November 01, 2017

Preventing the Flu

David Saxon, MD, and nurse practitioner Jasmaine Vincent describe the symptoms caused by cold and flu viruses and advise patients about getting a flu shot.

Preventing the Flu Health Talks Transcript

David Saxon, MD, Urgent Care
Both colds and flus are caused by a virus. Cold viruses — there are several of them, but the symptoms are all similar and typically start with scratchy throat, congestion in the head and sinuses, cough. The flu, on the other hand, is caused by a set of influenza viruses. The symptoms seem to be a lot more severe, and the rates of complications from the flu are a lot higher. The flu vaccine will cover you anywhere from four to six months. It does take effect within as early as two weeks of getting the shot, so even in November and December, it’s an excellent time if you haven’t gotten your flu shot to go ahead and get vaccinated.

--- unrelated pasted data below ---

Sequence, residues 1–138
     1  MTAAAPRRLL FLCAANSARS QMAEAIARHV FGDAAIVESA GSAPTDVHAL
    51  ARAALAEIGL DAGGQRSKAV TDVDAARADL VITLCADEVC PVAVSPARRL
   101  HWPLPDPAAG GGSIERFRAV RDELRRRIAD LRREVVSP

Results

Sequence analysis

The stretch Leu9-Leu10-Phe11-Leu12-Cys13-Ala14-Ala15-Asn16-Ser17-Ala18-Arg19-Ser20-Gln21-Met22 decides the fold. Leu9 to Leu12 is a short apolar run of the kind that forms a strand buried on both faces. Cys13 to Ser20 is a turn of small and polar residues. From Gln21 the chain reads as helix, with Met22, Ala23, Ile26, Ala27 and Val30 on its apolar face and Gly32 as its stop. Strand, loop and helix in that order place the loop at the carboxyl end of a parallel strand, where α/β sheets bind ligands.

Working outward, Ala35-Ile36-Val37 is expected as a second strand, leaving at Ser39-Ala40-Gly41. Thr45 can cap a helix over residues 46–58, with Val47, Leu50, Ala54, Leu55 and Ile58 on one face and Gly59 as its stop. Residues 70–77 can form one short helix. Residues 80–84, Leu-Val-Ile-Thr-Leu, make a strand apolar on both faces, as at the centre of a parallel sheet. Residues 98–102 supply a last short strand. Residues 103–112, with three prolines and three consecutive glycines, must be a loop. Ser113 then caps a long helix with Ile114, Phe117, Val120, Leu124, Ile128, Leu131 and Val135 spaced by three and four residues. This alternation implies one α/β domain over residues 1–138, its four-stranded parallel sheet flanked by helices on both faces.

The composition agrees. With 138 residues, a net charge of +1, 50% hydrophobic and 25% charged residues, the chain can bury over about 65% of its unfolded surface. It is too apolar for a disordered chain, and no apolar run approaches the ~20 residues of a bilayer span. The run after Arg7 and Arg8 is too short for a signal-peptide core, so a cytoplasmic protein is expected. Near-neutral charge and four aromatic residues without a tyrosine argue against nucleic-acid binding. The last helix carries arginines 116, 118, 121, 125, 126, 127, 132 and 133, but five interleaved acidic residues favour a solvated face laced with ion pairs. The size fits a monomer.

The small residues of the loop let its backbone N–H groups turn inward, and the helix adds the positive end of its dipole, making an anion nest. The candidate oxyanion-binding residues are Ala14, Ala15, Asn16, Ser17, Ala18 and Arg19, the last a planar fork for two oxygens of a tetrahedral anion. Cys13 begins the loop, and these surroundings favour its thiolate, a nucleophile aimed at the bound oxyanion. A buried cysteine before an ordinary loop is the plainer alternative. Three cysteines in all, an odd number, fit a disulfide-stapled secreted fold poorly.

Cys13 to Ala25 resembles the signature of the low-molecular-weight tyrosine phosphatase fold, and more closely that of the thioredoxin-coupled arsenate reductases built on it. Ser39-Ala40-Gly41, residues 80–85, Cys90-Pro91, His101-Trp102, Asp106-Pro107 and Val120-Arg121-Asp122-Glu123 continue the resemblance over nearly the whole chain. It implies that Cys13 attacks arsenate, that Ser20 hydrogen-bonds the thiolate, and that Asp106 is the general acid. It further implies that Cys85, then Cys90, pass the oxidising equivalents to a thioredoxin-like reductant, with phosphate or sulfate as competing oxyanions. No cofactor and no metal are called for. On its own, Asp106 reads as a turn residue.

Jasmaine Vincent, APRN, Urgent Care
You don’t need to go to the emergency room to get a flu shot. We welcome all vaccinations. You can come to us and get a flu shot at the urgent care clinic.

Dr. Saxon
There are several reasons to get a flu vaccine. The flu is contagious pretty much the whole time you have it. It’s spread by coughing on people, eating or drinking after them. Maybe you’re out a lot and could bring the flu virus home to people that are a lot more susceptible to having complications from it and could even end up in the hospital, and you getting a vaccine may help keep you from carrying it home to them and getting them sick and in the hospital.

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